Friday afternoon we had a rather worried young lady in as her brakes were making a funny noise, a visual check through the wheels revealed one of the pads  breaking up, once the parts were ordered and on their way a stripdown revealed 3 of the 4 pads friction material had separated from the backing plate.


The pads were about 2/3rds worn but the vehicle had been relatively unused for a month or two .

Saturday brought a different problem in. An 06 Astra  for test had a badly worn tyre showing the cords.

  Once I began to check the steering and suspension on the ramp the reason for the inner edge wearing so badly became apparent.


The ball joint in suspension arm was badly worn, when it was driven into the brake tester to check the brakes a loud clunk from the front suspension was heard, had the vehicle come into the workshop when the clunk was 1st apparent the tyre may have lasted a few months more.

Peugeot and Citroen springs again.


Earlier in these posts I refer  to the way some peugeots and citroens have a habit of shredding their  front tyres when a coil spring breaks, mentioning a modification made under recall by the manufacturers consisting of a retaining shroud fitted around the base of the coil spring seat.
The above is an example of the retaining shroud in place, what cannot be seen in this instance is that the coil spring has broken and that the shroud has done its job and prevented the broken end of the spring falling down and shredding the tyre. The following image clearly shows how the spring has broken but remains securely on the spring seat. 

I should also mention that I have seen a broken spring that has managed to slip through the base of the shroud, so it seems it is not always successful in retaining the broken spring in place.

Suspension and prescribed areas


A number of items have cropped up this last week, a broken coil spring seems to be a regular occurrence, this one seen on a Renault Clio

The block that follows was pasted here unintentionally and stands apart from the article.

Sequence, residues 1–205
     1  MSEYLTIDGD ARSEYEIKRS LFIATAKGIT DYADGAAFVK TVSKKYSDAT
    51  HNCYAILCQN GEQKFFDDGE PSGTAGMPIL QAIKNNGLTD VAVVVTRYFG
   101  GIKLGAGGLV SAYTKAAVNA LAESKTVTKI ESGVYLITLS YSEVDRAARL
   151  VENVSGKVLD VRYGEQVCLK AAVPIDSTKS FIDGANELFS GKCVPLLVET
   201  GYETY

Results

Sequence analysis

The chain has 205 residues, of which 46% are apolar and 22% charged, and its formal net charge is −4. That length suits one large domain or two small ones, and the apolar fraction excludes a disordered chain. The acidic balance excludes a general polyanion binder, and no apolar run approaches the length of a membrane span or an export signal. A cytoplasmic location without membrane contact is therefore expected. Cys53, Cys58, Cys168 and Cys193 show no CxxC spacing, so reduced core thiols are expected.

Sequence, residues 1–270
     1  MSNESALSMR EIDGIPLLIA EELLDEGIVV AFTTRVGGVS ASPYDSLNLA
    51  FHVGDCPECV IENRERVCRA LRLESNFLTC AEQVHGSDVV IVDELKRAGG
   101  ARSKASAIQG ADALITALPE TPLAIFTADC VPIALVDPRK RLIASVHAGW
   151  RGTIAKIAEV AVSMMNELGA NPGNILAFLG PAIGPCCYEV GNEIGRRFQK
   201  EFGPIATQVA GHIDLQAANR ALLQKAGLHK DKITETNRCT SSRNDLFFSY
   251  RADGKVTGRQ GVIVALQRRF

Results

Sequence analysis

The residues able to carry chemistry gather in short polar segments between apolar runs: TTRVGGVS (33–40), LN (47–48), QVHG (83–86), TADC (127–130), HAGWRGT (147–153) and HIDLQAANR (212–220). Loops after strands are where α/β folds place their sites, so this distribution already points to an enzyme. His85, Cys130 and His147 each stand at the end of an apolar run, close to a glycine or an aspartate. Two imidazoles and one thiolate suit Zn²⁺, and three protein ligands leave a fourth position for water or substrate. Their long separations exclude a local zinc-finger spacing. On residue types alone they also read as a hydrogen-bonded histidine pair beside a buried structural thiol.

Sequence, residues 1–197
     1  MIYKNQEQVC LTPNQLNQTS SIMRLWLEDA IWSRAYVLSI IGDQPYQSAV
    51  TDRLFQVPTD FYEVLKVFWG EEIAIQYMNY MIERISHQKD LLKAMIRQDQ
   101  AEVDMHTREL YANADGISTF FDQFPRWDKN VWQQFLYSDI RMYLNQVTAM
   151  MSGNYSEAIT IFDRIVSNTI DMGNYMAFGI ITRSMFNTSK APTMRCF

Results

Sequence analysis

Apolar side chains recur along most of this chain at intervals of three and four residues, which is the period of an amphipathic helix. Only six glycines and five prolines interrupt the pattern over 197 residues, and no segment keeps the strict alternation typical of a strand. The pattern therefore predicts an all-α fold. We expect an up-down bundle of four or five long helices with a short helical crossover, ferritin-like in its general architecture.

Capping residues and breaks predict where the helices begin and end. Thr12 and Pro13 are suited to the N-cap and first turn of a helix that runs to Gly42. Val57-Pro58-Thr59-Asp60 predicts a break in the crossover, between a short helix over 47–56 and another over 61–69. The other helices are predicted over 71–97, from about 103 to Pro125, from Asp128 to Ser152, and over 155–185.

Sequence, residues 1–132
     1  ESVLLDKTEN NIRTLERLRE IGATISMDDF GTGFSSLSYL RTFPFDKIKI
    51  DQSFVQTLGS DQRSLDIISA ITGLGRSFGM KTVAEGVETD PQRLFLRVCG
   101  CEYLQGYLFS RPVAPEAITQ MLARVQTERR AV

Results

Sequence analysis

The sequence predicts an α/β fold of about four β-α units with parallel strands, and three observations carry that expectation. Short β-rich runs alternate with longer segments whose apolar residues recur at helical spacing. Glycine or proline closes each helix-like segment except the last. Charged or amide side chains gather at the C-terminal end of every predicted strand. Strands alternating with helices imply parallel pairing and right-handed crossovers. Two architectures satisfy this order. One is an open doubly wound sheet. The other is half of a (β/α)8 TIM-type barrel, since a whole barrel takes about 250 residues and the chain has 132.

In it’s normal position, rather than wheels free, the break was hardly noticeable, however once jacked up it was immediately spotted.

Following on from springs another regular occurrence are suspension arm bushes, the following images are from a ‘Y’ reg Honda Civic.
Again on initial viewing of it, it didn’t appear too bad, however on inspection of the underside of the arm it was clear that the bonding on the bush had failed allowing excessive movement, as the arm moved up and thus contacting the front subframe, leading to a heavy knocking over bumps. The same vehicle also had a problem with 2  antiroll bar links having become detached at the balljoints.Which were also making a characteristic knock over small bumps.

Then we had a Mazda MX5 suffering with some tinworm, the outer sills seem to suffer just forward of the rear wheel arches,Further inspection also revealed excessive corrosion to the sill closing panels inside the rear wheel arches, not something the owner would be expected to notice under normal circumstances.
All of the above would be spotted in good time if the vehicles were regularly serviced.